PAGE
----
As to the surface of a fish-pond, calm and clear,
the fish draw close to what they see above them,
believing it to be their food,
so I saw more than a thousand splendors
drawing toward us, and from each was heard:
“Lo, one who will increase our love!”
And as these shades approached,
each one of them seemed filled with joy,
so brilliant was the light that shone from them.
Dante, Paradiso Canto V, ll. 100-08
This scene occurs when Beatrice and Dante have risen to the orbit of Mercury, the second heaven. The spirits who dwell there rush to Dante saying, “Ecco chi crescerà li nostri amori” “Lo, one who will increase our love.”
These are hard words. We often approach people as objects or as competition for scarce resources, time, and affection. People become either barriers or a means to accomplish our goals. In my own life I too often find people to be interruptions, others who break into my mental solitude with trivial bits of information. But there, in Dante’s heaven, it is different.
New arrivals to this heaven are welcomed as new opportunities to love. Love, even on earth, runs counter to the natural laws which govern matter. Our individual share of love only increases when it is shared, while the quickest way to lose love is to hoard it.
On Sunday mornings I help with a class of 2nd and 3rd graders at my church. As I sat at the coloring table one morning, I fell into a conversation with a cheery faced girl. We exchanged complements on each other’s drawings and talked art philosophy. As we finished our drawings she turned to me and said, with perfect honesty and grace, “I’m so glad you’re here.” How does one respond to such a sweet salute? The only way one can. “I’m so glad you’re here too” I said, and meant it. But to be able to say those words in honesty is a rare thing for me. Which brings us back to the second sphere.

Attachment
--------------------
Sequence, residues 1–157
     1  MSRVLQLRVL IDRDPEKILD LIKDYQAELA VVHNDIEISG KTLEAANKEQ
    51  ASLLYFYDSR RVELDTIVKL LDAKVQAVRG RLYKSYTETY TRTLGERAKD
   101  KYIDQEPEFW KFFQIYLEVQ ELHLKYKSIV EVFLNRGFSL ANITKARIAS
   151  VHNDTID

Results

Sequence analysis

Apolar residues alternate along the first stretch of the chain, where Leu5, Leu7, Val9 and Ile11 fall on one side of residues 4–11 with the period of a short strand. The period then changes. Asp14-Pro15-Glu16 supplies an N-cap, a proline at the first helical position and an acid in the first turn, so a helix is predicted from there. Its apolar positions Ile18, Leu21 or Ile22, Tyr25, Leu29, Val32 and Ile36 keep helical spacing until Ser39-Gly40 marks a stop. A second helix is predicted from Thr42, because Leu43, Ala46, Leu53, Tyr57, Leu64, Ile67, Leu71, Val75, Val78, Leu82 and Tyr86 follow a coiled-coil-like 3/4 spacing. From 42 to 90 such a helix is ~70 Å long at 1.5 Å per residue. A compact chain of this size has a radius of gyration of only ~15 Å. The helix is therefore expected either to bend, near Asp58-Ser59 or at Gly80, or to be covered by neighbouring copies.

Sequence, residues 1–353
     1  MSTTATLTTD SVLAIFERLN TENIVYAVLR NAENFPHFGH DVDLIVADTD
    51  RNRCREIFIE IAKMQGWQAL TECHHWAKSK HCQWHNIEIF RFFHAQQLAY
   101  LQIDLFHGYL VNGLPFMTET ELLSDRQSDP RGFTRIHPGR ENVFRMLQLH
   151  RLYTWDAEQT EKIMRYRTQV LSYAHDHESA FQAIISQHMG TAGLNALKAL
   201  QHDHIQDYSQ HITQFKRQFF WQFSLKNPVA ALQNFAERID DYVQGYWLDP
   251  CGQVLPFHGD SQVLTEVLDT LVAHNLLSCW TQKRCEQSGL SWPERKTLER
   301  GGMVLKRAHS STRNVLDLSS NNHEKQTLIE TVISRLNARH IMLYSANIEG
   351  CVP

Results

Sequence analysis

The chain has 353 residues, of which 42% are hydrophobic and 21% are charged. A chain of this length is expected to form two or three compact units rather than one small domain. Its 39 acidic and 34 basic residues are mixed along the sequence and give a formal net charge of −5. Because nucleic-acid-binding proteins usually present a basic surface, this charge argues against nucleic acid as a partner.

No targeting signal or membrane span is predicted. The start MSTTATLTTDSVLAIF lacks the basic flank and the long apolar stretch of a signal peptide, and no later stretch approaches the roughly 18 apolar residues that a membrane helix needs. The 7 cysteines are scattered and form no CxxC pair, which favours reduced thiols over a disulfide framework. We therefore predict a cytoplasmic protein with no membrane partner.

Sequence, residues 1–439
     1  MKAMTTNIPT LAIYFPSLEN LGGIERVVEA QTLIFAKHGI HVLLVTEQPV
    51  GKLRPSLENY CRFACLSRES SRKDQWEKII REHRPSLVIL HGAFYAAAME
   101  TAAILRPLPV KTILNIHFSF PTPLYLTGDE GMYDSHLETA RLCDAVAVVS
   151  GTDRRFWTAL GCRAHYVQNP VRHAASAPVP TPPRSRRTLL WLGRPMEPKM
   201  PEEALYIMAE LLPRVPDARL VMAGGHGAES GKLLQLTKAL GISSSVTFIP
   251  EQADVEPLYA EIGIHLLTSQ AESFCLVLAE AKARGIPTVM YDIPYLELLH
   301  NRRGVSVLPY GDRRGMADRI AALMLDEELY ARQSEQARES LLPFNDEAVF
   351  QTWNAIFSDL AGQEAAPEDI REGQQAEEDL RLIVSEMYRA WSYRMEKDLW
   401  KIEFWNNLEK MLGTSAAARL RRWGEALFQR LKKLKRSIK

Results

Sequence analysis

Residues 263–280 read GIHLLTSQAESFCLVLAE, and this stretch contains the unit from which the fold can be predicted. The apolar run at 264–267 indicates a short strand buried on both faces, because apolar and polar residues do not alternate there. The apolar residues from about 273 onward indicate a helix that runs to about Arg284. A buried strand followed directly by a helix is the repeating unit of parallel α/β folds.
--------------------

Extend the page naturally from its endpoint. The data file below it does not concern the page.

In the sphere of Mercury dwell those who were ambitious on earth. During their life on earth they gave and received much flattery; the false proclamation of “Lo, one who will increase our love” and I’m glad you’re here.” But flattery doesn’t exist in heaven. Those who made a life of flattery have their own place in hell. The spirits of heaven speak with a honesty and fullness of being that is not possible for those still on earth. Their worldly ambition has been transmuted into an eagerness to love.
On earth, we would likely mistrust such words if they came from anyone other than a child or lover. They are powerful, which means they have that much more ability to harm when they are misused. We have been conditioned to be on our guard against them, to not let anyone take advantage of us by flattery. I’ve had the words, “I’m so glad you’re here,” spoken to me many times, but they have seldom struck me as they did on that Sunday. So often they have been spoken without fullness of being; by someone in passing who does not have the time to exchange any other words with me. They are gladdened by their idea of the you rather than the you itself.
If it were possible to view every person as an new opportunity to love simply by speaking the words, the task would be easy. But it is not so simple. Being fallen, we are likely to misuse them, whether intentionally or unintentionally. The blessed spirits in Dante’s heaven have had their love purged of sin by the long journey up Mount Purgatory. They have had their memories cleansed and refreshed by the waters of Lethe and Eunoë. Someday, before I die, I hope to be able to reach that point where I can more often say to those I meet, “Lo, here is one who will increase our love” and truly mean it. The distance between where my heart is now and where I want to be is long, but it is a journey well worth making.
N.B. For the key line I have used the translation given by Charles Williams in The Figure of Beatrice.